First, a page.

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'Goodbye Christopher Robin' examines the sadness behind the joy of Winnie-the-Pooh

Will Tilston in the film GOODBYE CHRISTOPHER ROBIN. Photo by David Appleby. © 2017 Twentieth Century Fox Film Corporation All Rights Reserved

Goodbye Christopher Robin
3 out of 5 Stars
Director:
Simon Curtis
Writer: Frank Cottrell Boyce, Simon Vaughan
Starring: Domhnall Gleeson, Margot Robbie, Kelly Macdonald, Will Tilston
Genre: Biography, Drama
Rated: PG for thematic elements, some bullying, war images and brief language

Synopsis: A.A. Milne (Domhnall Gleeson), a successful playwright, returns from his service in World War I unable to handle the noise and pace of London. Moving to the countryside with his wife (Margot Robbie) and son, Milne attempts to write a novel about the war. When forced to take care of his son for a weekend while his nanny is away, Milne begins to explore an imaginary world with his son and a particular stuffed bear that goes by the name of Winnie.

Review: While the film’s “PG” rating and the connection to Winnie-the-Pooh suggest that “Goodbye Christopher Robin” is suitable for young children, it should be noted that the film isn’t a bright and sunny affair and is unlikely to entertain the younger spectrum of Pooh Bear’s fans.

The story of A.A. Milne (Domnhnall Gleeson) and his path to writing Winnie-the-Pooh is not easily traveled. Milne is haunted, “shell shocked” from his war experiences and returning to his life in London as a playwright and attending glamour parties with his wife proves to be too much for him to handle. So Milne takes is wife and young son and moves out into the countryside.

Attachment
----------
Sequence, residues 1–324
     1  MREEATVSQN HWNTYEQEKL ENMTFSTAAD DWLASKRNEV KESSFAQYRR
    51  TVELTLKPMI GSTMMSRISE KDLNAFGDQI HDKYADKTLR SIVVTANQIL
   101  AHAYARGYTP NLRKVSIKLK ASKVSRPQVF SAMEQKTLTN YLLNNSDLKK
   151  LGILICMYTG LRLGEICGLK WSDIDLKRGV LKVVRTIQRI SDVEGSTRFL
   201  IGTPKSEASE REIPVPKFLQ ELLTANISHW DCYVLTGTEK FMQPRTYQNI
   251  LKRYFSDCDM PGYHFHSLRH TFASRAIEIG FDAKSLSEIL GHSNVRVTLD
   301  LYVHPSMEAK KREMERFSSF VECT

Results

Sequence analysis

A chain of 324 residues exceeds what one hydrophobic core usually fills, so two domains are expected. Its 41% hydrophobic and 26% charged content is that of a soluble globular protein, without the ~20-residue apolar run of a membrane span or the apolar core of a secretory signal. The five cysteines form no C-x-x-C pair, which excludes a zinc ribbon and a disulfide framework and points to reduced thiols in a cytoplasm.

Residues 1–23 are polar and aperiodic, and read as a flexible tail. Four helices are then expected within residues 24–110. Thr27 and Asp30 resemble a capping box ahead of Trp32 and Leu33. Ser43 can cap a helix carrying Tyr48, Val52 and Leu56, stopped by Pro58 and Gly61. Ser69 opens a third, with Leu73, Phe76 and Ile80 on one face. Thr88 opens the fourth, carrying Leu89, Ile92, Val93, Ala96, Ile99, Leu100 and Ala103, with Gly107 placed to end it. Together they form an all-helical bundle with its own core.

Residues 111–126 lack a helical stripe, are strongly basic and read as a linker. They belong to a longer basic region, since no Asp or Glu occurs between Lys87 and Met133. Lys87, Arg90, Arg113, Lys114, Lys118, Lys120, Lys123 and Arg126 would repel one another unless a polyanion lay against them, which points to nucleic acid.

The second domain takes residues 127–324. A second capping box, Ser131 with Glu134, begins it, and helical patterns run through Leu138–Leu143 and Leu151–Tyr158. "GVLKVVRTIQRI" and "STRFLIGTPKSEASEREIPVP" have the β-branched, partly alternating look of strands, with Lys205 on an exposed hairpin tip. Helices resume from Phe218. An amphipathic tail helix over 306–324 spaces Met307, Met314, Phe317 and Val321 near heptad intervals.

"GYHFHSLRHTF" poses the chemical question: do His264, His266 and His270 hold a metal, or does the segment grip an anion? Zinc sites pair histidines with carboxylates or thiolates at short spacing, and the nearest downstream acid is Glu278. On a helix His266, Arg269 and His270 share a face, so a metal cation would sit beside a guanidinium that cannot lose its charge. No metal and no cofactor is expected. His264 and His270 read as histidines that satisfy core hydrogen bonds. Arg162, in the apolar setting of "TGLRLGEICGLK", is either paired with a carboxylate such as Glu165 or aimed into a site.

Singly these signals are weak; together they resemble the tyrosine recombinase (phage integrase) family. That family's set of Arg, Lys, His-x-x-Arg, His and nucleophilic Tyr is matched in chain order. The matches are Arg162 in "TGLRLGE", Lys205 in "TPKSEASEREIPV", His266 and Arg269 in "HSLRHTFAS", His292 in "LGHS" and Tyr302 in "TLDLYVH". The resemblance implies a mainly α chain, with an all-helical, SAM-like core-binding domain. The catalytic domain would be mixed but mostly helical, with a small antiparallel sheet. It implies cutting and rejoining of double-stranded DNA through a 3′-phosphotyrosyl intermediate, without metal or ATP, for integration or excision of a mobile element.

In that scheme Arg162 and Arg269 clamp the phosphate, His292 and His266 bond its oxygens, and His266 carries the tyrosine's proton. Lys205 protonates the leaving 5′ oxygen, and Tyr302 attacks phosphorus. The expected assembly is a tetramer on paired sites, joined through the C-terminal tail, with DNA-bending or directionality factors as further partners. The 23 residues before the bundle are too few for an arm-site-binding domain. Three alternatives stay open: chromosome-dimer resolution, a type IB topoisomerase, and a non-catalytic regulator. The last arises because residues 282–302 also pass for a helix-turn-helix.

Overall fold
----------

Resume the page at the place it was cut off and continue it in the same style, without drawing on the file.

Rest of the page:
Milne’s wife, Daphne (Margot Robbie), who opposes the move, comes across very poorly here and throughout the film feels more like a sketch of a person than a fully realized portrait. It is entirely possible that Daphne was as shallow as portrayed, but even so, the character deserves more screen time. We’re given on scene in particular where she explains her disappointment of giving birth to a boy that suggests there is more depth there, but it is left unexplored.

The script is also problematic when it comes to its portrayal of Milne in the sense that we’re only shown the damaged man who returned from the war. We’re given too little sense of who he was before to completely understand the impact that combat has had on him.

We are offered a fairly good look at Billy (Will Tilston), the boy who is better known by Christopher Robin, as a young boy. We see the role he played in the creation of Winnie-the-Pooh and the impact of the book’s popularity had on his life. We don’t get a lot of Billy as a teen or young adult as the film speeds ahead in its final act to include a conversation between Milne and his son that effectively puts a bow on the story.

Despite its faults, “Goodbye Christopher Robin” does have some fantastic moments, particularly the scenes where Milne and Billy are laying the groundwork for the Hundred Acre Wood and its host of characters.

I’m also quite fond of the look of the film. The warm glow that radiates from the characters, a reference to a bygone era of filmmaking.

I recommend “Goodbye Christopher Robin,” just understand that it is an informative, but somewhat dour, experience. Not all happy stories come from happy inspiration.


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